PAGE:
Surprise them with Change`
We still frontload the most important things first most of the time. But once in a while, I will call a "backwards" day, where we go up the list from the bottom instead of down the list like normal. The kids love the switch up!
What I realized soon after starting this was that the kids were getting refreshed by the newness as much as I was!
Another thing I would do, especially if some of the students were having a hard time getting a concept, was to stop everything and have a five minute "something else" party. I would pick one fun thing to do that would be a pleasant distraction for a few minutes.
Yes, I lost a few minutes of very valuable class time, but I also gained back the kids' attention whose eyes had glazed over and I had already lost. And when we got back to the subject a few minutes later, I had their attention again and they were ready to go.
One caveat to this is not to do an activity that is going to take more than about 5 minutes. And make sure it is not something that will cause the kids to get hyper or unable to focus back quickly on the lesson when you call time.
Confide in Someone Who Understands
If you are teacher, there are 3.2 million other teachers who understand very well what you are gong through most of the time. Talk about a few available listening ears!
If you aren't a teacher, but need someone to confide in, there are also tons of people in your own field that can also lend a listening ear.
Just keep in mind that venting is fine and usually welcome. That is because it shows that you are human and have your limits. But it can't be your entire focus. Vent, breathe, and then move on in a positive way. For all of the negative things that happen in a day, how many victories can you claim for other areas of your day?
On the Flip Side
At the end of the day, you are there to teach and inspire those kids to live the best life they can. That is an amazing thing. And the kids will love you for it when you take them seriously.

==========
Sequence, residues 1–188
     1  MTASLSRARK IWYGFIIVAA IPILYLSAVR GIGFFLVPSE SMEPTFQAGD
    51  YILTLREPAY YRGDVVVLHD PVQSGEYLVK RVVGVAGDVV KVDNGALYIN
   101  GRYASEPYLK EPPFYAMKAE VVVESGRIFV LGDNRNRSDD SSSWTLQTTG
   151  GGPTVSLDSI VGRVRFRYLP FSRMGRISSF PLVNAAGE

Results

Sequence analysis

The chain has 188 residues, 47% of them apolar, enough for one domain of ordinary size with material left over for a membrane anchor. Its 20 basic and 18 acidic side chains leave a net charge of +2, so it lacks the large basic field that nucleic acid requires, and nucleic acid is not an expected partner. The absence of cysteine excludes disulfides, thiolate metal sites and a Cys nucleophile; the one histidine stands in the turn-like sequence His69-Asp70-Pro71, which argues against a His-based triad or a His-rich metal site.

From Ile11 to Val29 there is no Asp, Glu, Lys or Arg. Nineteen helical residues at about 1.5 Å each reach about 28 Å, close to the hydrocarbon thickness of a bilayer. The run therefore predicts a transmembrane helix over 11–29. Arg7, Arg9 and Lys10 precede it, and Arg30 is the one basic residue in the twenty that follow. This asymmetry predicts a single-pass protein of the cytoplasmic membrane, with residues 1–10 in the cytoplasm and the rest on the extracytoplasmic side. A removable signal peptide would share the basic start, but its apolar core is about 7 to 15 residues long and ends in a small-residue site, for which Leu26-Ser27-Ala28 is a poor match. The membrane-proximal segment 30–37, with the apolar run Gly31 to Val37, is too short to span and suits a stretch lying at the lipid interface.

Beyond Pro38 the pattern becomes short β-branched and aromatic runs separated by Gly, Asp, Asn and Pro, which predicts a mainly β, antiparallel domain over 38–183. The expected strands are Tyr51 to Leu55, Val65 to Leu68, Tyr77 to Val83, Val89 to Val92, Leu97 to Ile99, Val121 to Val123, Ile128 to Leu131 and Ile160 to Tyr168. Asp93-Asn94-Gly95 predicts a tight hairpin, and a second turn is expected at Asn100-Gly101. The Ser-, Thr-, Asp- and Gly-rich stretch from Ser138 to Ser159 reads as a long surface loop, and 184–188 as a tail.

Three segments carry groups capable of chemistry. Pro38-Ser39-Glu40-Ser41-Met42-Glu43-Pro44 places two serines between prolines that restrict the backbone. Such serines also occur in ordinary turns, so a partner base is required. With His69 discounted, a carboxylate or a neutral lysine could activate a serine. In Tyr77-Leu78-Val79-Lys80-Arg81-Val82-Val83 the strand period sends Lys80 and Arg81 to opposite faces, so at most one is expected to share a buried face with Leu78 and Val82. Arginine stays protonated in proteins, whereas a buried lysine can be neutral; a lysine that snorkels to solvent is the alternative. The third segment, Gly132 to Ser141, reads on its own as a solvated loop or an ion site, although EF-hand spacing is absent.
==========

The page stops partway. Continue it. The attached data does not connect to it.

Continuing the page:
Does that mean they will treat you well all the time? Nope, not even if they love you the most of all of their other teachers. People fail, even when they mean well. Kids will fail too. But loving them through it and continuing on make for a wonderful classroom that leave them plenty of room to grow in to wonderful adults.
Keep in mind also, that for some kids, you may be a rare ray of sunshine that they don't get often. Be super sensitive to those kids without making it an issue for them. Those are the children that need to know that you see them and are listening.
And somehow, my point of confiding in someone who understands turned into you being the understanding one. Because that is what teachers do. And that is just fine! As long as you are getting some understanding and love coming back at you from time to time!
So since most teachers are also avid readers in their "spare" time, I wanted to conclude this article with a great book by Elena Aguilar. She is absolutely amazing! The name of the book is Onward: Cultivating Emotional Resilience in Educators . (Click on the title to go to the Amazon description.)
Besides the amazing encouragement that Ms. Aguilar gives in this book, she also has a companion workbook that has gotten rave reviews among teachers that used it. You can look at the Amazon description for that right here. There were a few teachers who thought some of the exercises were overkill. I did not actually feel that way. But I also was not trying to meet any deadlines to finish it. And other teachers recommended that you just do the exercises in the workbook that you felt pertained to you the most.
Hopefully, if you find yourself in burnout mode, you are able to get the help and encouragement you need to get back on track as soon as possible. Just know that any teacher that has worked for any significant length of time has felt what you are feeling and you are not alone! Being able to avoid experiencing teacher burnout is one of the biggest priorities for being an effective teacher. And since so many teachers have been through it, you have a huge support network!
Teachers have a huge calling in life and it is one of the most difficult jobs you can do! Congratulations for pushing through, even though the road is difficult and long.
For some more inspiration in the classroom, check out this article on how to accomplish more effective lesson planning.